The Biden administration has issued four rounds of student loan cancellations, moving forward with campaign pledges that have already written off $ 10 billion in debt, with more plans on the horizon. According to a recent study by the journal Sociology of Race and Ethnicity, young black adults take on 85% more debt than their white counterparts, and this disparity worsens by 7% every year after borrowers leave school. Wealth inequality continues to be a persistent disparity in debt among black students, so getting rid of these loans could finally push the needle forward to close the racial wealth gap.
The breakdown you need to know:
Student loans have long been known as almost lifelong payment traps, severely affecting students of color, CultureBanx reported. Therefore, with the Biden administration becoming more aggressive on the forgiveness front than its predecessors, is a welcome opportunity to narrow the racial wealth gap. While $ 10 billion is a big number, that number represents about 0.58% of the $ 1.7 trillion in outstanding student debt.
In March, Biden got rid of 72,000 loans that amounted to $ 1 billion. Since then, it has canceled $ 1.3 billion in loans for 41,000 totally and permanently disabled borrowers, for a total of $ 2.3 billion in loans. Just last month in June, Biden got rid of an additional $ 500 million in student loans, again under the defending borrowers against student loan repayment rule, the current total of canceled loans s’ amounting to $ 2.8 billion.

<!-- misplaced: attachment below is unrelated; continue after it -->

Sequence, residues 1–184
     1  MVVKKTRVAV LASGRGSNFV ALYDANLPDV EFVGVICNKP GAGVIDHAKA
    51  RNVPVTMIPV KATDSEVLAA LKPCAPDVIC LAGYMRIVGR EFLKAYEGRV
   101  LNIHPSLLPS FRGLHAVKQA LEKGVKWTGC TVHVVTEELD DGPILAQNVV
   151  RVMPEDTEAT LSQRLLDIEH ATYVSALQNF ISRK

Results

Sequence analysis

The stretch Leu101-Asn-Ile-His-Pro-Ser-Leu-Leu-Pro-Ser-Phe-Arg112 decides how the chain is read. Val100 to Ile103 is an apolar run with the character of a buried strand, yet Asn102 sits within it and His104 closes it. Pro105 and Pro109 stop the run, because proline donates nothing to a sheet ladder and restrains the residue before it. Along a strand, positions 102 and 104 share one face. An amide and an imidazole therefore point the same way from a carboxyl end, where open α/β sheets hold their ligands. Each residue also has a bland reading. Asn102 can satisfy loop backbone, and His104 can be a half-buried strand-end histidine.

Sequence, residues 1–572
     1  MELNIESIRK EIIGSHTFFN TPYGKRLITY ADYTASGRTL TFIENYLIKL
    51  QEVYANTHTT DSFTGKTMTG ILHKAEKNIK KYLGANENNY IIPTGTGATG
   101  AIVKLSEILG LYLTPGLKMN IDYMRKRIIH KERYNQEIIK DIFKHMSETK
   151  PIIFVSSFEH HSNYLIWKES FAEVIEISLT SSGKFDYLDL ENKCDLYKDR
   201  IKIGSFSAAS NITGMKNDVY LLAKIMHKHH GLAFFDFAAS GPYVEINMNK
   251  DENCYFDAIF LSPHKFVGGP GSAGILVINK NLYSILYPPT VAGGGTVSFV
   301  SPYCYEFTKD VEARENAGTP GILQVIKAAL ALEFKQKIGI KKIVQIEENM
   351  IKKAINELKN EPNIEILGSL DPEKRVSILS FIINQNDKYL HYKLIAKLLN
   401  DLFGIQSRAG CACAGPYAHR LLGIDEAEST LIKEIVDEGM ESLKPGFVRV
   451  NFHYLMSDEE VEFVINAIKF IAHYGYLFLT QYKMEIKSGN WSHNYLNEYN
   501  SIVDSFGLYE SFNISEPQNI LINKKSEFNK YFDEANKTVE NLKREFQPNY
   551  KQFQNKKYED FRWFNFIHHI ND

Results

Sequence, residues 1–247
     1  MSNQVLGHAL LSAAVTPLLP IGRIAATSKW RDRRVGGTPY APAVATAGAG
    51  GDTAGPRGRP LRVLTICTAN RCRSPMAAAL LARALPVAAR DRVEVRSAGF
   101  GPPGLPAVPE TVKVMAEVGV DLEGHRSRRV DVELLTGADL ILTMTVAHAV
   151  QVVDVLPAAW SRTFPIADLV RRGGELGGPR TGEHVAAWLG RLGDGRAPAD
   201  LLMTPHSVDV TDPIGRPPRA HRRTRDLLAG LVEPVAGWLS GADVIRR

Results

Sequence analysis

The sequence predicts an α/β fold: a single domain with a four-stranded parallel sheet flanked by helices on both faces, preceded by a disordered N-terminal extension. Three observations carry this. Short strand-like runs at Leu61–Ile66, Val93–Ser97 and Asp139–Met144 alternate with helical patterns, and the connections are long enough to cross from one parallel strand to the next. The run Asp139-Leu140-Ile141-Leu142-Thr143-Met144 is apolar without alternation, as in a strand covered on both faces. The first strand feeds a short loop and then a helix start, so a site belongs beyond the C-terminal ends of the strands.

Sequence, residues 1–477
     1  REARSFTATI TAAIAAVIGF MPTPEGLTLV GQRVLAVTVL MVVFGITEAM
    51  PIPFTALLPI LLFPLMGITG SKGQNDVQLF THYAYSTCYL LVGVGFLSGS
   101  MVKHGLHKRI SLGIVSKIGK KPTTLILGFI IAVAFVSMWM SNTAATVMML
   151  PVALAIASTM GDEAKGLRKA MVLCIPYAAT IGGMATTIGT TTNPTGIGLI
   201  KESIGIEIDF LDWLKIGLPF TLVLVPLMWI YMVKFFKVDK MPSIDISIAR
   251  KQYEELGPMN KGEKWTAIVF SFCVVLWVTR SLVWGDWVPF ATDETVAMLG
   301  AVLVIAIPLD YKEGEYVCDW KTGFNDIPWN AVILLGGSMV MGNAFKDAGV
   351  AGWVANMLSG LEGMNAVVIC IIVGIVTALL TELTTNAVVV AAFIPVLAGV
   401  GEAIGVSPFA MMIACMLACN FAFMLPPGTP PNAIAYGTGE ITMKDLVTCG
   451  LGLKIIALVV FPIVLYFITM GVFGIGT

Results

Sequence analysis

Clear the debt:
Biden’s plan to cancel student loans is part of a larger strategy to make higher education more affordable and less financially burdensome. For those who attended public colleges or historically black colleges and universities (HBCUs) that earn less than $ 125,000 a year, student loan debt forgiveness is a huge win, because it’s no secret nobody, the cost of education is rising faster than US wages and the rate of inflation, 8x faster, to be exact.
Students of color typically rack up hundreds of thousands of dollars in student loan debt, which means they are unable to focus on other financial goals like buying a home, paying down debt. credit card and retirement savings. Eliminating that would narrow the racial wealth gap for young families, with 86.6% of black students taking out federal loans to attend four-year colleges, compared to just 59.9% of white students.
The amount of loans past due 90 days or more has not changed much since 2012, proving that the financial burden is still high, as is the unemployment rate, now at 9.6% for African Americans. Specifically, HBCU students are more likely to default over a 12-year period than African Americans attending other four-year colleges and universities, according to the Wall Street Journal. Student loan borrowers are expected to resume their payments in January 2022.